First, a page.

Category Archives: Lifestyle

Oculus Rift price drop creates unprecedented value over HTC Vive

Oculus announced an unprecedented $200 price drop on the purchase of the Rift headset and Touch controllers. This presents a great opportunity for consumers interested in buying into Virtual Reality without taking out a second mortgage. But what does this price difference to do the perception of value and quality between the VR options. Often, a lower cost version of a technology represents a cheaper implementation. But is that the case with the Rift?

The technical specifications that matter to VR are identical for both platforms. Resolution, field of view, and now with Oculus’ 3 sensor configuration roomscale VR is also available for both. Additionally, the Oculus Rift can use most if not all titles available for the HTC Vive. However, Vive users may be locked out of some of the Rift’s high quality, exclusive content. Additionally, the Rift’s lighter weight is another advantage over the Vive.

The Rift’s home menu, store and game navigation system called Oculus Home.

This results in a more affordable VR platform that may be better in some ways. Which is the opposite of what the price/quality appearance is to the uninitiated.

If potential VR consumers recognize this value gap favoring the Rift, Oculus is in for a sales boost that could put a dent in HTC’s market share. Conversely, if the price difference appears to the consumer as a ‘you get what you pay for’ warning, as HTC appears to be betting on, this could backfire for Oculus.

Oculus Rift DK2 Unboxing

The DK2 has arrived! Just 24 hours after it shipped it was on my doorstep. It probably helps that I’m in Southern California less than 3 hours drive from where it shipped from, Ontario, CA.

This is just a preliminary post, but here are my unboxing photos. I have since installed it and used it. My initial impression is, I can’t wait until the existing software supports this thing!

My favorite 3 new features are: 1) The higher resolution display, 2) The motion tracking, and 3) The display driver that feeds the video directly to the rift without extending or mirroring your desktop. I was hoping this would come someday, and it has.

Enjoy!

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The Oculus Rift DK2 is coming!

I never thought I’d be happier to see a text from my bank alerting me a purchase was made on my debit card! I also just received, minutes ago, confirmation from Oculus that they charged the remaining balance and the Oculus Rift DK2 is about to ship!

With higher resolution, motion tracking, and a built in latency tester, my team can’t wait to continue developing for the Rift.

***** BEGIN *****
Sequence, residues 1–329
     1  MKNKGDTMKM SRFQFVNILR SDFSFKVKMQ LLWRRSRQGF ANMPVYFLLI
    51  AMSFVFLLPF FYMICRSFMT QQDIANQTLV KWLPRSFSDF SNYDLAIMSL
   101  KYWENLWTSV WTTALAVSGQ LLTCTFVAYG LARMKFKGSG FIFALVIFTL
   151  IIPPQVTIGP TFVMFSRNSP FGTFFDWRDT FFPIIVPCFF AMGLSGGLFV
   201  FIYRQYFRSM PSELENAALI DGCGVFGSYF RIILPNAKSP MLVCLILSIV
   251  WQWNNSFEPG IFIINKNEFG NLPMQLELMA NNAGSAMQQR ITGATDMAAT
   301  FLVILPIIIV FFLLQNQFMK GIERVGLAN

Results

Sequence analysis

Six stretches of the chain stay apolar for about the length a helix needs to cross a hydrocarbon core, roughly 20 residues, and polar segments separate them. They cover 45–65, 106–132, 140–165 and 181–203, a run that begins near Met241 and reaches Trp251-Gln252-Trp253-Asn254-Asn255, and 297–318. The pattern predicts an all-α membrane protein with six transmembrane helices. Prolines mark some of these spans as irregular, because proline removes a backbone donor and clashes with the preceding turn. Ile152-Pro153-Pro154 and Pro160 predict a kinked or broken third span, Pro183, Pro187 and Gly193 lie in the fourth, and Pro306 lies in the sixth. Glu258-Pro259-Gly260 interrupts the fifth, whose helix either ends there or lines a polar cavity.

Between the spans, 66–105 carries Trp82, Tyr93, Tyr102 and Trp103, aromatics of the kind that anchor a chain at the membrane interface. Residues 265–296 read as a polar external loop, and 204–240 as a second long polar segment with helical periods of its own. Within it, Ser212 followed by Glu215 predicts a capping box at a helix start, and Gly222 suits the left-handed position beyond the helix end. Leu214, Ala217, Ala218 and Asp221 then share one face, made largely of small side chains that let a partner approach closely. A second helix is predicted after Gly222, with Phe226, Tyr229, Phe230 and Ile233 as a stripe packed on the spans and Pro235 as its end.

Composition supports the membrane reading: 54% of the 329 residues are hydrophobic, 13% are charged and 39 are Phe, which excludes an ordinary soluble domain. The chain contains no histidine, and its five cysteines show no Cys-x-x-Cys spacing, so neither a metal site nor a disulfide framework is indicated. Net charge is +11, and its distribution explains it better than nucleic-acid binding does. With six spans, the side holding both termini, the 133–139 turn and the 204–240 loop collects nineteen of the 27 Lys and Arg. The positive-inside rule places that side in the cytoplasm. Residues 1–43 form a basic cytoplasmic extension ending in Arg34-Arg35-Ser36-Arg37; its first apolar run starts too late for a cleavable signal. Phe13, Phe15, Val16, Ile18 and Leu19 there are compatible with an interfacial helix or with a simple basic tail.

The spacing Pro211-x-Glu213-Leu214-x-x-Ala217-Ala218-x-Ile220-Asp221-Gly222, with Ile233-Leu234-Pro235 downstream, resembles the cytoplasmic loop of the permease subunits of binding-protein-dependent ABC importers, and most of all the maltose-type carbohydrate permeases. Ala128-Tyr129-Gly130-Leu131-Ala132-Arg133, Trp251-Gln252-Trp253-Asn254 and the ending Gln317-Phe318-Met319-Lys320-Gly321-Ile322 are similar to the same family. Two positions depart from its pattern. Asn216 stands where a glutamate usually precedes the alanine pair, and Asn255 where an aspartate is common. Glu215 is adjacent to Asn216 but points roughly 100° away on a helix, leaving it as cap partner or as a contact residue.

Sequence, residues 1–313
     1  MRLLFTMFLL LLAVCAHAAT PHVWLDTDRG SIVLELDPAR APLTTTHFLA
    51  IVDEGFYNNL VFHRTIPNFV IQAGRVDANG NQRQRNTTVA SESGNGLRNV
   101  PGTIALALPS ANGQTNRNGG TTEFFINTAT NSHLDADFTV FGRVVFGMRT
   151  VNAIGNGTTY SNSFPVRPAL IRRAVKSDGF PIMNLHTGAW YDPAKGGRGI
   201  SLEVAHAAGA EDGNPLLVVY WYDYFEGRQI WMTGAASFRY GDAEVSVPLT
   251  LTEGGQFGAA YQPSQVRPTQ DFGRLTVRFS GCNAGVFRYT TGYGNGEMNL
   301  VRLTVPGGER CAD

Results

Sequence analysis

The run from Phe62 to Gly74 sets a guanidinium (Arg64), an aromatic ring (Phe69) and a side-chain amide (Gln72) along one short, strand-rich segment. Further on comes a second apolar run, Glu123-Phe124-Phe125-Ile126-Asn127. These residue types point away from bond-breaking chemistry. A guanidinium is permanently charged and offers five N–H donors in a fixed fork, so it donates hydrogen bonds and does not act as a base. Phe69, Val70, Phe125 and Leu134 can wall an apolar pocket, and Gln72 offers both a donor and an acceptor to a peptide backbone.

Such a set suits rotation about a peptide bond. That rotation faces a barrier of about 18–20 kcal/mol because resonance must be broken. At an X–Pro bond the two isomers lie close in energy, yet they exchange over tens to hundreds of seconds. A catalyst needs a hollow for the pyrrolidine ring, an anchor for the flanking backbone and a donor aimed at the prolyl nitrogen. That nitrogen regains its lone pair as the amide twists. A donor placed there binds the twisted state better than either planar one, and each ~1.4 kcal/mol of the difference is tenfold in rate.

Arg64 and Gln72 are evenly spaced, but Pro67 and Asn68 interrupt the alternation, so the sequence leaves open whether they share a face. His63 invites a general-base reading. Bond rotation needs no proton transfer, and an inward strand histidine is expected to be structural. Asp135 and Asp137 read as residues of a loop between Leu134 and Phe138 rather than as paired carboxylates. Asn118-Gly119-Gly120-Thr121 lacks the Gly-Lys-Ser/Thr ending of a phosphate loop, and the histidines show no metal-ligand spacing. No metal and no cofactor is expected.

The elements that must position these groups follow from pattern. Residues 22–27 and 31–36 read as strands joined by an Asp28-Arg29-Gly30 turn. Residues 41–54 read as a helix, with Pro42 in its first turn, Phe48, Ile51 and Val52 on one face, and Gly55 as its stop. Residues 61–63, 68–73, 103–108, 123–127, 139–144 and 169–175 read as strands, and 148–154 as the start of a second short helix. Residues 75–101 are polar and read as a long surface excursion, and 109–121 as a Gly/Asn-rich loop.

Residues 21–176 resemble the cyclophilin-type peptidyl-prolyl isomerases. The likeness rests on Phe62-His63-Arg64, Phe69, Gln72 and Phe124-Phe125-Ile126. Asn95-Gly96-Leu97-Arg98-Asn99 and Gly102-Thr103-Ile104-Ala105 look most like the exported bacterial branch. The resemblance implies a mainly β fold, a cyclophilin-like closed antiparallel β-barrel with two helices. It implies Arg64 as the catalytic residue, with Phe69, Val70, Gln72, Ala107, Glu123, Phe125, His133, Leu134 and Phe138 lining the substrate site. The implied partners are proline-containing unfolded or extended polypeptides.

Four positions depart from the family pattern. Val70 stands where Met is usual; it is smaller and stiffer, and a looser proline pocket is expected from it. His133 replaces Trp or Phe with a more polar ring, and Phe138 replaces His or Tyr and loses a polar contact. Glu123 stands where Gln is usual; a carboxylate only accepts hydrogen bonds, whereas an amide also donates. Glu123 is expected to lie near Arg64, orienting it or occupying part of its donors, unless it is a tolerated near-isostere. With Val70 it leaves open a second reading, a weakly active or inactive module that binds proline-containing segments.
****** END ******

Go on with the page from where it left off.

By the way, if I sound like an over-excited child on Christmas Eve, you’re spot on!

Time Warner & CBS Blackout : Again Consumers Hurt by Cable Company aka Middle Man

Time Warner Cable has recently blacked out the CBS network in some of its Cable TV markets. CBS, in turn, blocks streaming videos of blacked out TV shows for Time Warner Cable Internet subscribers. Time Warner continues to collect full, monthly fees from its subscribers while the channel lineup is now hobbled. While CBS continues to collect full advertising revenue. So who gets hurt? The consumer. Paying full price and getting less and less.

What’s happening? This doesn’t seem right.

In the day of high speed internet and digital home theater systems with Internet enabled TVs, set top boxes and game consoles, why can’t we get on demand, a la cart content? Because your local cable provider has the content providers (networks such as NBC, CBS, HBO, CNN, etc) wrapped up in non-compete deals, even if just implicit. Leaving the consumers with little choice but to buy “channel packages” from the Cable Providers. Hundreds of worthless channels simply because you want the local stations, History Channel and HBO (like me).

What can we do about it? DROP YOUR CABLE SUBSCRIPTIONS.

Recently, the CEO of HBO ‘publicly considered’ offering HBO as a standalone subscription service. YAY! This sounds great. I’d pay $10-$15 per month for this. Unfortunately, he decided not to. Maybe it doesn’t make good business sense to give more customers what they want.

Thankfully, more and more consumers are becoming “cord cutters” and getting rid of cable. Hopefully, we can get even more consumers to follow until all your cable company provides is a nice, fast, reliable Internet connection. On top of which you watch TV and make/recieve phone calls.

This technology has been available for years. The content distribution networks are in place. Now, it’s up to the consumers to stop paying the “middle man.”

By the way, CBS is not innocent in all of this. They’re equally greedy. By the way, why does Time Warner have to pay CBS when you can get an antenna and watch it for free? Because when there’s a middle man everyone wants to make money from their business model…that is now antiquated and getting in the way of progress.